The Fight for Climate After COVID-19 draws on the troubled and uneven COVID-19 experience to illustrate the critical need to ramp up resilience rapidly and effectively on a global scale. After years of working alongside public health and resilience experts crafting policy to build both pandemic and climate change preparedness, Alice C. Hill exposes parallels between the underutilized measures that governments should have taken to contain the spread of COVID-19—such as early action, cross-border planning, and bolstering emergency preparation—and the steps leaders can take now to mitigate the impacts of climate change. Through practical analyses of current policy and thoughtful guidance for successful climate adaptation, The Fight for Climate After COVID-19 reveals that, just as our society has transformed itself to meet the challenge of coronavirus, so too will we need to adapt our thinking and our policies to combat the ever-increasing threat of climate change.

Unapologetic and clear-eyed, The Fight for Climate After COVID-19 helps us understand why the time has come to prepare for the world as it will be, rather than as it once was.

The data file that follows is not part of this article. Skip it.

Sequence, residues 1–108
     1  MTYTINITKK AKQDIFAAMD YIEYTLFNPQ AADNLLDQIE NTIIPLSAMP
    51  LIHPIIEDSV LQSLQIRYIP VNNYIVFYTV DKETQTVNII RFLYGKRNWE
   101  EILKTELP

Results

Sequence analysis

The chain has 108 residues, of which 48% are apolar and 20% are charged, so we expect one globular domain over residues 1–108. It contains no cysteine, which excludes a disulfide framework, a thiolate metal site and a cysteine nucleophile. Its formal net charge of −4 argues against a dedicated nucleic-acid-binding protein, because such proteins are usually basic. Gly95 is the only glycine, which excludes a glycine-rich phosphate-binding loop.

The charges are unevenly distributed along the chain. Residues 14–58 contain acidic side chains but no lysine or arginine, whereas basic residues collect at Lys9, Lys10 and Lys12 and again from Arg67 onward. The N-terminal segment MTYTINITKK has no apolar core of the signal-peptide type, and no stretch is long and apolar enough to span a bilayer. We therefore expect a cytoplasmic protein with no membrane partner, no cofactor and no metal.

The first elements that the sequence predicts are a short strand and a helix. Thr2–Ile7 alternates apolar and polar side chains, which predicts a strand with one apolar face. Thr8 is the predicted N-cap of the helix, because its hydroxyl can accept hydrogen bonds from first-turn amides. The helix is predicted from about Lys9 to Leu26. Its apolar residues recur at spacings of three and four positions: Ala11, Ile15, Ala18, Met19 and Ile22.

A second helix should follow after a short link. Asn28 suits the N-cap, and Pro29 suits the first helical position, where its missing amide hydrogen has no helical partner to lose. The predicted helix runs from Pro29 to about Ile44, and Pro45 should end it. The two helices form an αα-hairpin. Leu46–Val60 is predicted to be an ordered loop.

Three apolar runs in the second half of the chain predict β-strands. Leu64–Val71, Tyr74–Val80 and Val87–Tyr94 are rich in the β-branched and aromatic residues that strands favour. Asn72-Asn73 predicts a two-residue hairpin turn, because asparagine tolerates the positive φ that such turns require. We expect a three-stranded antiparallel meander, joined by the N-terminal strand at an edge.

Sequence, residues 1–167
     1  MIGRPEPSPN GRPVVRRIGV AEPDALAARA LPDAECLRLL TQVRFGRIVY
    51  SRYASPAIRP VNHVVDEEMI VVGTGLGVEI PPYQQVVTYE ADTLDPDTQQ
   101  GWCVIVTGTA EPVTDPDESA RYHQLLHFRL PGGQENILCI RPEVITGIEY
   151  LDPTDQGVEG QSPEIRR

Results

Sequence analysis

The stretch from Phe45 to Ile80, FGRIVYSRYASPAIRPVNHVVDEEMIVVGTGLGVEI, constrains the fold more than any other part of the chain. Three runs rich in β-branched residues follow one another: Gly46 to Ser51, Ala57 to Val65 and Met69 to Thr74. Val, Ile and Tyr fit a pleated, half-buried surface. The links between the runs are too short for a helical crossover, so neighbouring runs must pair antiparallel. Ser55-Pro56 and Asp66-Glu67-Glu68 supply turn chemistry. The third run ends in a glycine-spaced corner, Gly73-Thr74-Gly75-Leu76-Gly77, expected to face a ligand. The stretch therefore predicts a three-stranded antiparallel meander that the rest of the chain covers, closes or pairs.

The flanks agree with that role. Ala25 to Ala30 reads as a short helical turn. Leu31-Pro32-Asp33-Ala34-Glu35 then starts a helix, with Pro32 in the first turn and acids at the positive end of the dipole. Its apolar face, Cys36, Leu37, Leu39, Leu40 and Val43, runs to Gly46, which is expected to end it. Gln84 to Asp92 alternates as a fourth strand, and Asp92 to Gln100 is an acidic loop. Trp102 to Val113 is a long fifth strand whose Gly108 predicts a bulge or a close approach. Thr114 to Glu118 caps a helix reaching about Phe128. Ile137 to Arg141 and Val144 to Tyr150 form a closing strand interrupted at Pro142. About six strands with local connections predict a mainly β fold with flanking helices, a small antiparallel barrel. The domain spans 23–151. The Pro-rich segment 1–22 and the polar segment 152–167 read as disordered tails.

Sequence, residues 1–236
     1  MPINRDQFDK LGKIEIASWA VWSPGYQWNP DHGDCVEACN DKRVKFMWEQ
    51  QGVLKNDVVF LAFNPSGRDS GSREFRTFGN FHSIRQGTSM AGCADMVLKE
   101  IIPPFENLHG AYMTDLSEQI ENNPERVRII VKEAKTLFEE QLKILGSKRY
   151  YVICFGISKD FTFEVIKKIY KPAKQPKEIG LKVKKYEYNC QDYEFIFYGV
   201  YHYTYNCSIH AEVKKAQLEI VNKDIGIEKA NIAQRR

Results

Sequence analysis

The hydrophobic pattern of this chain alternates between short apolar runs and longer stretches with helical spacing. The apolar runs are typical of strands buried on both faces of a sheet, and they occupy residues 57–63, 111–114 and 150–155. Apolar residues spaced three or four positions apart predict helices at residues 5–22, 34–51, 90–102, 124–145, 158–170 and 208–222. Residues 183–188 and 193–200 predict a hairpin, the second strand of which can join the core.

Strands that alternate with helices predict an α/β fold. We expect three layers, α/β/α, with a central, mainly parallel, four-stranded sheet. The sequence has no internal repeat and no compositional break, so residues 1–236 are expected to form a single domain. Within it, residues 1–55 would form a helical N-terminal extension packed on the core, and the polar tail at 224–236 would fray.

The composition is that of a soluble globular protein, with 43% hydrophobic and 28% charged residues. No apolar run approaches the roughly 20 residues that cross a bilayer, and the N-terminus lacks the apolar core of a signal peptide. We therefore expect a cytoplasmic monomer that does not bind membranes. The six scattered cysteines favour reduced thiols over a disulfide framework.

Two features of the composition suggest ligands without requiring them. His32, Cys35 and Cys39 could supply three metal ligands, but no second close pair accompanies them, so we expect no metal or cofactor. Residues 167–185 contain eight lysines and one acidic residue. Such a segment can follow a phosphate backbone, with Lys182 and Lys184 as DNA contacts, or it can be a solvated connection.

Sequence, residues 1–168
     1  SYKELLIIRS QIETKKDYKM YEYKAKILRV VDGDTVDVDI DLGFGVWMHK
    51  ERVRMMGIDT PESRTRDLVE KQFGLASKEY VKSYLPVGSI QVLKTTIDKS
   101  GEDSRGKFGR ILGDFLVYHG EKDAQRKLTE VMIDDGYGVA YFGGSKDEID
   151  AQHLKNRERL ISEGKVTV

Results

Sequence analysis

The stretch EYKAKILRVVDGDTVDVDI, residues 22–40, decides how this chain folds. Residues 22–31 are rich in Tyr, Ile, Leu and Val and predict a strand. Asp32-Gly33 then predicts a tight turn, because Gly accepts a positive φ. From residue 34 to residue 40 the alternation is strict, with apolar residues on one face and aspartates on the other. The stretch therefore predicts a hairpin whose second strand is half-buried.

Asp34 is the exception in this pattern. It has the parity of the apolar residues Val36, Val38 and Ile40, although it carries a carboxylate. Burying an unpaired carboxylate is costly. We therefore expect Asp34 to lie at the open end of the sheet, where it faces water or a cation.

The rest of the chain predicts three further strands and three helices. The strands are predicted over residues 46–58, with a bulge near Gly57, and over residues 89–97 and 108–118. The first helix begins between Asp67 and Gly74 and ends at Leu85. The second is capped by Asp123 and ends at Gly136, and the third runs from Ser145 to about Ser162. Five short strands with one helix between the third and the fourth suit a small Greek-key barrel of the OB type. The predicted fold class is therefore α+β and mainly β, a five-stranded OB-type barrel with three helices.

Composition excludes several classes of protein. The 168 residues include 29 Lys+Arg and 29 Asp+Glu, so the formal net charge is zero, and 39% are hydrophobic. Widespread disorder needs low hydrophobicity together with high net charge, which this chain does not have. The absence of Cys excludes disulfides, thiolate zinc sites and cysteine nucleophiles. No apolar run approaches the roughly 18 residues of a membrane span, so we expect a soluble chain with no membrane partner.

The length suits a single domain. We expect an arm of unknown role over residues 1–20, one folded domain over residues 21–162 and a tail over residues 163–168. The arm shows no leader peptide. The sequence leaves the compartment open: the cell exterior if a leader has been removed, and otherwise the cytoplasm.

Pew Survey: Citizens in advanced economies willing to “change” to combat global warming

A new Pew Research Center survey in 17 advanced economies spanning North America, Europe and the Asia-Pacific region finds widespread concern about the personal impact of global climate change. Most citizens say they are willing to change how they live and work at least some to combat the effects of global warming, but whether their efforts will make an impact is unclear.

Citizens offer mixed reviews of how their societies have responded to climate change, and many question the efficacy of international efforts to stave off a global environmental crisis.

Conducted this past spring, before the summer season ushered in new wildfires, droughts, floods and stronger-than-usual storms, the study reveals a growing sense of personal threat from climate change among many of the publics polled.

Many people across 17 advanced economies are concerned that global climate change will harm them personally at some point in their lifetime. A median of 72% express at least some concern that they will be personally harmed by climate change in their lifetimes, compared with medians of 19% and 11% who say they are not too or not at all concerned, respectively. The share who say they are very concerned climate change will harm them personally ranges from 15% in Sweden to 57% in Greece.

These data reflect the growing realization by the advanced economies, that climate change is not something in the distant future, but is happening now and must be dealt with. Are the citizens of these lands really prepared to make the necessary changes to stave off the worst consequences of climate change - we hope so, but only time will tell.